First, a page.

Looking for Heffalumps: life lessons from Winnie the Pooh

Milne photo 175All of us want an exciting name all to ourselves. Even stuffed bears from Harrod’s in London, who started out life as Edward Bear under the trusted care of one Christopher Robin. And so Edward became Pooh and Pooh became legend. There are few symbols of childhood as universally recognizable as Winnie the Pooh and his posse from the Hundred Acre Wood. And today the gang’s creator, A. A. Milne, turns a whopping 134 years old. As Pooh would say, “many happy returns of the day.” Between 1924 and 1928, Milne wrote four collections featuring Pooh and friends, many of the titles as indelible today as they were in the roaring twenties: When We Were Young (1924), Winnie-the-Pooh (1926), Now We Are Six (1927), and The House at Pooh Corner (1928). But all those stories we read and heard as children about the intrepid Christopher Robin and his band of furry followers don’t stop having meaning just because we are no longer six.

In fact, Winnie the Pooh offers numerous valuable lessons for our adult lives. Here are five (and then Pooh requests a break for lunch):

1.  We’re Not All Geniuses and That’s Okay.

As Piglet tells it, “some have brains, and some don’t.” Sometimes what the situation calls for is a kind-hearted bear who might not ace the SAT but devises a clever-sounding (if ultimately futile) plan to get honey from bees. And sometimes a fair amount of wits is required. What’s most amazing is that the best plans are executed with the heart and brain working together.

2.  In One Way or Another, We All Like Hearing About Ourselves

Pooh book cover 175Listen, Pooh would be the first one to admit that he’s a fan of bear-centric fiction. Christopher Robin patiently explains to his father before the stories begin that the ones Pooh likes best are “about himself. Because he’s that sort of Bear.” We’re all that sort of Bear, aren’t we? Just look at the plethora of methods that the Internet provides us to share and connect with friends (Facebook), expound on the meaning of our lives in 140 characters or less (Twitter), and share photographs of our most treasured possessions (Instagram). When we were young—six, perhaps—we heard the stories of Pooh. Now we return the favor and tell our own.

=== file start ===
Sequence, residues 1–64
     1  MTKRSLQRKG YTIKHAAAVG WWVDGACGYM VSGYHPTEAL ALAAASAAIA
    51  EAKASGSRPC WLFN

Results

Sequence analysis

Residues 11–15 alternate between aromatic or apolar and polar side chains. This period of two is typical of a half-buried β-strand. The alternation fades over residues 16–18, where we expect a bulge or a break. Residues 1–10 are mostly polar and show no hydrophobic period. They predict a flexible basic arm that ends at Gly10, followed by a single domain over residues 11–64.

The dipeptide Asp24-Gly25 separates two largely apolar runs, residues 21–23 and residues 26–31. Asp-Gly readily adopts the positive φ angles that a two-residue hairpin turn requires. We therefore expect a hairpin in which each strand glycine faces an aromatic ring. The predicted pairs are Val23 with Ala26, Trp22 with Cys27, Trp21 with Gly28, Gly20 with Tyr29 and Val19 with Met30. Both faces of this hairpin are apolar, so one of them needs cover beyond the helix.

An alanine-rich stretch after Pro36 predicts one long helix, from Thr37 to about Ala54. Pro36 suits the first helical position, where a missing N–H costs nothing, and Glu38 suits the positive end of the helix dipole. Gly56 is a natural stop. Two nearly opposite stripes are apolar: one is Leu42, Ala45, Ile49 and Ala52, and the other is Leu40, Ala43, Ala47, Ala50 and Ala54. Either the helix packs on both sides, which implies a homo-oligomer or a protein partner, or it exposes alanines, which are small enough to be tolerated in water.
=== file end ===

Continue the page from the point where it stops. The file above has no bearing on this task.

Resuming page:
3.  Eating Less Honey is the Key to Weight Loss

Winnie the Pooh stuck 200Whether you’re a bear or a person, a little pudginess can be difficult to shed. Sometimes it’s society that makes us try and fit into unrealistic shapes, squeeze ourselves into fictions impossible to attain. But sometimes it’s really all about the honey and getting stuck in your own version of Rabbit’s front door. Pooh might not agree about cutting down on honey but he’d always advise you, if pound-shedding is in your future, to read “a Sustaining Book, such as would help and comfort a Wedged Bear in Great Tightness.” And isn’t that the best kind of book anyway?

4.  We’re All Chasing Our Own Heffalumps (Or Woozles)

Pooh and Piglet b&w 200Sometimes, the very thing we’re chasing is ourselves and only when someone else points out that we’ve been going in circles, following our own paw-marks, er, footprints, do we realize it. But just like the shadowy existence of Woozles (“sometimes it is and sometimes it isn’t. You never can tell with paw-marks”), we’re always chasing something. And the chasing, not the catching is the point. We can dig our Very Deep Pits to catch our Heffalumps and sometimes that might work. But the most important thing is the “Expotition.” Especially to the North Pole, because that’s “just a thing you discover.”

5.  Helping Friends, Even Morose Ones, is Good for the Soul

Pooh and Eeyore 200 Excepting lunch, coming to the aid of a friend in need is the best thing in the world. Sometimes your clever friends need help, despite their cleverness. And sometimes the best help, the most important help, is the kind you give your dejected friends who just want a simple birthday party. It isn’t about the present—though consider which friends would really appreciate a honey pot and a deflated balloon—it’s about the fact that you care. Because, as Milne says in his book dedication:

 

Hand in hand we come

Christopher Robin and I

To lay this book in your lap.

Say you’re surprised?

Say you like it?

Say it’s just what you wanted?

Because it’s yours—

Because we love you.

 

Happy birthday, Mr. Milne. We wish you many happy returns of the day and hope that somewhere you’re enjoying a cake with icing on top, candles, and your name in pink sugar.

Comments

comments

SHARE
Previous articleAll it will cost are the lives of three “inconsequential” women
Next articleWhy we love adventure

Jordan is a freelance writer living in Portland, Oregon, after spending six years in NYC for college and graduate school (where she earned her MFA in Fiction Writing from Columbia) before realizing that her heart belonged in the Pacific Northwest. She (hopefully) puts that degree to good use writing for BookTrib and Publishers Weekly about the vast quantity of books she reads. While Jordan’s literary diet is largely crime fiction—as she was raised, often literally, in Portland’s only mystery bookstore—she’s perfectly content to read novels and nonfiction that lack a murder because good writing transcends labels. Follow her on Twitter @jordanfoster13.